This parable is symbolic of the evolution of the individual and the reality of our contemporary society, Man has come into the complexity of cravings that he lives in continual discontent, dissatisfaction, want and pain and his only cure lie in his ‘return to the father’s house’- that is, to actual living or being, as distinguished from desire, but oftentimes a man does not do this until he is reduced to the last extremity of spiritual starvation when he has reaped the experience of pain and sorrow as a result of desire, and he looks back with longing towards the true life of peace and plenty. Wherein is emancipation from the thralldom and fever and hunger of desires. This longing for the true life is called aspiration and it should not be confounded with desires. Desire is the cravings for a possession; aspiration is the hunger of the heart for peace.
Let me share a little personal experience that buttresses the insatiable nature of desires and cravings for material possessions. It is quite funning! Each time I remembered, I laughed at myself. Many years ago, I think it was in 2002 when I bought my first car. It was a station wagon Opel Omega. I brought the car home that day and I was overwhelmed with ecstasy. You could imagine how I felt to own a car for the first time in my life. My parent never owned a car while growing up. I used to admire my friends whose parents owned cars. I had wished that one day when I grew up I would own a car too, and here I was holding the key to my personal car. Wow! The funniest part of this story was that I could not sleep that night. I remember I woke up several times to ‘inspect’ the car, staying awake all alone in my compound for almost 40 minutes just beholding my long-cherished desire. Fast forward to two years later, then I could drive on the ever boisterous Lagos roads, but one experience I had which, most car owners reading this piece right now would attest to, was the fact that I began to feel dissatisfied with the car- this feeling was aroused by the cars I saw on the roads while driving my Opel Omega which were more beautiful, more exotic than mine. My car did not even have an Air Condition then. For me I needed something more ‘tushed up’; something more befitting. Gradually my desire for my ‘ idol’ began to wane.
Sometimes while driving I would imagine driving another more beautiful car. It was a bizarre episode! Although I had bought other cars after then, the feeling of lust I felt is what I believe drives many other people to become car freaks. Many times you wonder, what an individual does with six cars packed, adorning his garage, while he can only drive one or two at a time? The reason is simple; the man who owns a fleet of cars is held captive by his desires and lust, and most time he thinks such acquisition would satiate his inordinate quest, but how wrong he is. Car manufacturers understand perfectly our cravings for vanities. And so they are constantly churning out car models and designs to entrap our desires. Sometimes I am baffled when I see the latest car models and you discover that what differentiates a new model from an old one could just be the shape of the headlight. Something as mundane as that, and somebody would buy the new model because of that insignificant change on the body of the car.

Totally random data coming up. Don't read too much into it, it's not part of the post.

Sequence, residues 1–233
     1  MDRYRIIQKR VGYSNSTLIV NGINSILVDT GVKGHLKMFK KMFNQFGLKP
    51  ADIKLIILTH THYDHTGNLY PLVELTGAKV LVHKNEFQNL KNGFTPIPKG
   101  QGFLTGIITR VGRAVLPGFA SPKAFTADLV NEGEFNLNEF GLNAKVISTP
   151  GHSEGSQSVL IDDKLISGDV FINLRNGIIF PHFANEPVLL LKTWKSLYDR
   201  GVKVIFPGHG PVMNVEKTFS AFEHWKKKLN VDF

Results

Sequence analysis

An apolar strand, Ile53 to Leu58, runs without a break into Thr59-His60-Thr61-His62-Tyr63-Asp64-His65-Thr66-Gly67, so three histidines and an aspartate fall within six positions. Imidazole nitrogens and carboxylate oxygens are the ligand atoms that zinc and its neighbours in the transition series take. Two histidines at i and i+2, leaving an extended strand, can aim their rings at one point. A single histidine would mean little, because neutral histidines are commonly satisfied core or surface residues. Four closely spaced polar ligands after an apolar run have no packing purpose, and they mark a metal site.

I think such proclivity is tactless! Men, immersed in desire, ignorantly imagine the conquest of desire leads to inactivity, loss of power and lifelessness. Instead, it leads to highly concentrated activity, full employment of power, and a life so rich, so glorious and so abundantly blessed as to be incomprehensible to those who hunger for pleasure and possessions. Apostle Paul apprised us about the dangers of our irrepressible pursuit of material riches when he said, “But those who desire to be rich fall into temptation, into a snare, into many senseless and harmful desires that plunge people into ruin and destruction”- 1 Timothy 6:9 It is, however, injudicious that Apostle Paul’s counsel does not appeal to our society of today where money is deified, and people are ready to commit any atrocity just for pecuniary gains.
Driven by unquenchable desires, almost everybody is ready to steal, cheat, or even kill to become rich. And this obscenity is even enamoured or glamorized by musicians, when you hear songs like “ if we nor make money na wetin we gain”. What nonsense! it is sad to contemplate the level of moral degeneracy our society has sunk into. Beloved, let me leave you with this piece of advice, although I know that messages like this do not make sense to those beguiled by desires. You must make effort to extricate yourself from the bondage of selfish cravings and be disentangled from the intricacies of lust for material possessions. You must learn how to perceive the simple spiritual laws and structure of life. There is more to life than the vanities we chase.
Attune yourself to the higher purpose of self-discovering and self-realization-what Mahatma Gandhi called ‘god realization. Connect to the ‘God’ inside of you. Be guided by your moral compass to advance the cause of good and service to humanity.
He who comes to this state leaves behind him all lack and hankering, all doubt and perplexity, sorrow, and uncertainty. He lives in the fulness of satisfaction, in light and knowledge, in gladness and surety. God bless you.
Azemobor Gregory is a messenger of Truth and apostle of love for humanity.
Follow him on instagram: @gazemobor